Though this one claimed to take place in Seattle, with the exception of a few establishing shots here and there, any keen-eyed resident of the EmeraldCitycould tell you that 50/50 absolutely reeked of Canada. But that’s okay. For as the 10rant’s ‘Top 10 Seattle-Based Films’ list explained, there are desperately few films out there that can claim to be genuine Seattle-pictures (“genuine” meaning that it was filmed here in Seattle, and not in the tax-friendly confines of British Columbia). Truly, just because a movie claimed to take place in one spot, yet was clearly shot somewhere else, it wouldn’t make it bad, it would just piss off most Seattle folk: your humble author included. This was a hurdle your author had to contend with when trying, like REALLY trying, to enjoy 50/50, a decent enough movie about a guy trying to cope with a very intense cancer diagnosis. In doing so, “Adam” (Joseph Gordon-Levitt) had to overcome his own fears, along with those of his fabulously irrational mother (Anjelica Huston at her best), and his bitch girlfriend, who cheated on the poor bastard. In the midst of all this despair came one of Radiohead’s earliest and best tunes, “High and Dry.” Wonderfully appropriate if only because of the name, the song’s simple beat and melody structure played up the emotional depth of the film beautifully, as Adam’s world seemed to forever close further in upon him without any sign of hope on the horizon. A better movie than this next one, 50/50 missed out on the #8 spot, if only because I’m fonder of the Radiohead song used in…
A decent enough movie who’s only failing was its inability to live up to author Chuck Palahniuk’s phenomenal novel of the same name, Choke still had a lot of fun moments. Both the novel and the motion picture examined notions of familial responsibility in conjunction with themes regarding guilt, wish-fulfillment, and the growing pains of young-adulthood. In the film, Sam Rockwell played protagonist “Vincent Mancini,” an early thirty-something American with a shitty job, unhinged sex addiction, and institutionalized mother. This last detail inspired the name of the book/movie, for Vincent had a habit of eating at very public/expensive places just so he could choke, be saved, then endeared to the man/woman who saved him. Vincent did this in an effort to inspire fiduciary support from his “saviors,” whose donations helped fund his mother’s medical care. The movie built to much the same crescendo as the book, yet never quite found the same emotional footing its literary predecessor enjoyed. Where the film did not err was in its selection of music for the final credits, as “Reckoner” set the perfect tone for a film with an odd, tepidly upbeat finale. The cadence of the drums during the song’s opening led effortlessly into the building harmonies formed by Thom Yorke as the piece gradually unfolded, massaging an audience back into comfortable consciousness once again.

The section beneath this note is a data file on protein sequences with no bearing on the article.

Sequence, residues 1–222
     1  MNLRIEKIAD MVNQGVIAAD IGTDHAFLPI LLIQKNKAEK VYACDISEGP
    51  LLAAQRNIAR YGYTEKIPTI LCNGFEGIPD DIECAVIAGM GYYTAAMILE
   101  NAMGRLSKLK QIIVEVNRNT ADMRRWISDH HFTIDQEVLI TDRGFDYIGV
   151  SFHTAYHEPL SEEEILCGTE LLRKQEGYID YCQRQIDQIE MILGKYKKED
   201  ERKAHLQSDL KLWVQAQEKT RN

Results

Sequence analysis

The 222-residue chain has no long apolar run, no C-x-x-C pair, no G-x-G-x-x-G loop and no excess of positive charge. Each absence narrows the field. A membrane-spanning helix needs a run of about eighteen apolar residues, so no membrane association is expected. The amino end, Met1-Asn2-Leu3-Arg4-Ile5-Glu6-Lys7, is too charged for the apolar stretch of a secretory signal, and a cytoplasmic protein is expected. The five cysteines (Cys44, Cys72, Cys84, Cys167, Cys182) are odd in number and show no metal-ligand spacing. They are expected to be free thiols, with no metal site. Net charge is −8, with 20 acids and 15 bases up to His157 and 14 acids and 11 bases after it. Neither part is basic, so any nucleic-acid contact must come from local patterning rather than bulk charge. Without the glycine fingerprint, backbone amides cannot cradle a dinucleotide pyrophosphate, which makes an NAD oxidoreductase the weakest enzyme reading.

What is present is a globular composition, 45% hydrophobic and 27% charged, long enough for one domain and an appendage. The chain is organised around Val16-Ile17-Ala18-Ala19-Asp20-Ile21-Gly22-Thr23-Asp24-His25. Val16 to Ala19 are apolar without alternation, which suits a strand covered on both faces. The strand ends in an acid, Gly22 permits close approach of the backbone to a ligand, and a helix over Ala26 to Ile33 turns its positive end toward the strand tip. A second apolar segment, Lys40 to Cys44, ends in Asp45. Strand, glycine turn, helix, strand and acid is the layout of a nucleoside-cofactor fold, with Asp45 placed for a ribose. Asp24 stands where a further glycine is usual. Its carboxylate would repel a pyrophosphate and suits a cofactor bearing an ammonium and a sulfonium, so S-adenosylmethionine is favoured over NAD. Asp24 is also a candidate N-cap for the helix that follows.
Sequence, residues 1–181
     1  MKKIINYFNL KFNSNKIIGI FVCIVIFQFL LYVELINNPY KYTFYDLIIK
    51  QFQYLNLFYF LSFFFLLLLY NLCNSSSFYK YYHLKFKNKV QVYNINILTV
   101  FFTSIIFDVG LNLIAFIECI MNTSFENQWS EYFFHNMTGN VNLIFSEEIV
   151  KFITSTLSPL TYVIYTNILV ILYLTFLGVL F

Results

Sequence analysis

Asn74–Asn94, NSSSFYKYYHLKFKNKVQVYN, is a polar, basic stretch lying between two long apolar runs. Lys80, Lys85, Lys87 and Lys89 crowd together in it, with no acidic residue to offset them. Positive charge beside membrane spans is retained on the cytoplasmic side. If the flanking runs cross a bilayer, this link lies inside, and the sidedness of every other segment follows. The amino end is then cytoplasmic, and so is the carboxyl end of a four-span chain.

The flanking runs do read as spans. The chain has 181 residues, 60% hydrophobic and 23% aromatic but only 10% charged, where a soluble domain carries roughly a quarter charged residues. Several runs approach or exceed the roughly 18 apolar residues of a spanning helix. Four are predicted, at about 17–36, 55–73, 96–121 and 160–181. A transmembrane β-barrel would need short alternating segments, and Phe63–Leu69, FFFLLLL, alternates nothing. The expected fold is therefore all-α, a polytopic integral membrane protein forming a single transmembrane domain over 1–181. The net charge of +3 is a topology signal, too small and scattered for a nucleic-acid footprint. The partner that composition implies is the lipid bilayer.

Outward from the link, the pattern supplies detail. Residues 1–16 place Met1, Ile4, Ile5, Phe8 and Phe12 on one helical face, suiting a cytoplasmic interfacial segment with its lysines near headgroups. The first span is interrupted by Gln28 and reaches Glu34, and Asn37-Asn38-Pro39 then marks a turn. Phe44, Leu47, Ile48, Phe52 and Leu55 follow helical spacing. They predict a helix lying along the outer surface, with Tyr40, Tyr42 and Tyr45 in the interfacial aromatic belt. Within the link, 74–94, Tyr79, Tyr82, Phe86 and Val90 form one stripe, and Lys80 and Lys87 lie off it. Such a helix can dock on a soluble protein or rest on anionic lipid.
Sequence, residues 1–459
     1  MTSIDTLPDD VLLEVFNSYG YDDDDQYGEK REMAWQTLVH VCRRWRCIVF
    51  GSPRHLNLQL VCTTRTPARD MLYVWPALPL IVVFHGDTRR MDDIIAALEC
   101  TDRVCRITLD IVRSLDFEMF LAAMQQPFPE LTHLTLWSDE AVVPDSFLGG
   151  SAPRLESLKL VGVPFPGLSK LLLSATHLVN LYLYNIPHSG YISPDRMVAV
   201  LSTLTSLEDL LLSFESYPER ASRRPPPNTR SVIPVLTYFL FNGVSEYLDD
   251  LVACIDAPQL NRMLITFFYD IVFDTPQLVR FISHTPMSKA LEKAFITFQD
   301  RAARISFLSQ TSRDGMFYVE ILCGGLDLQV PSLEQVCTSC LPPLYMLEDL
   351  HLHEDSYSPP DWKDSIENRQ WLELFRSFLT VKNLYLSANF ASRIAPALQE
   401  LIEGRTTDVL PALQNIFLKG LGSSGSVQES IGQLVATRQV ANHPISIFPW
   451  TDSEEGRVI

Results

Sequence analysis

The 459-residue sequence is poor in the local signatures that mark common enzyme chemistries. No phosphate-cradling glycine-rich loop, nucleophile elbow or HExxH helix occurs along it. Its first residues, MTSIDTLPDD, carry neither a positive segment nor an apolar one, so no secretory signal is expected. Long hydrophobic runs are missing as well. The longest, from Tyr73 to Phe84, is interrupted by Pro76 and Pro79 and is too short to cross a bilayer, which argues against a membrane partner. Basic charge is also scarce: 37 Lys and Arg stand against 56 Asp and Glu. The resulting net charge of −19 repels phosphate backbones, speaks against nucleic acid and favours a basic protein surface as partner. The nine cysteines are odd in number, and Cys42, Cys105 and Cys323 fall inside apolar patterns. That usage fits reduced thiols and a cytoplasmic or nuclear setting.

According to imdb.com, 1994’s S.F.W. (So Fucking What) was the first full length feature film to use Radiohead on its soundtrack, as it featured the band’s early-90’s radio-favorite, “Creep.” Stephen Dorff played “Cliff” in the film, an average young adult who got embroiled in a very public hostage situation that transformed the uninspired slacker into a media icon. Cliff had simply gone out to get some beer one night when a publicity-hungry band of gunmen took the customers of a convenient store hostage. Cliff was among the group held, and his safety was conditional on the authorities giving the gunmen all the television air time they desired. For over a month, the ordeal was broadcast 24/7 on live T.V. as Cliff slowly transformed into a social icon: his defeated “so fucking what?” statement an overnight catchphrase. After everything was over and Cliff returned to his life, the small-time nobody discovered that he’d become a definite somebody, as even the most mundane or thoughtless words or actions inspired a motley array of emotions from a captivated, T.V.-addicted world. As he pondered the ludicrous nature of his fame, and what it meant to his perception of self, “Creep” began to play, the lyrics of which complimented the scene wonderfully. Though for a long time Radiohead lamented that they’d ever put this song out (it became an albatross that took years to shake), there was a time when “Creep” and its lyrics were fresh, and S.F.W. was lucky enough to grab it when that was still the case.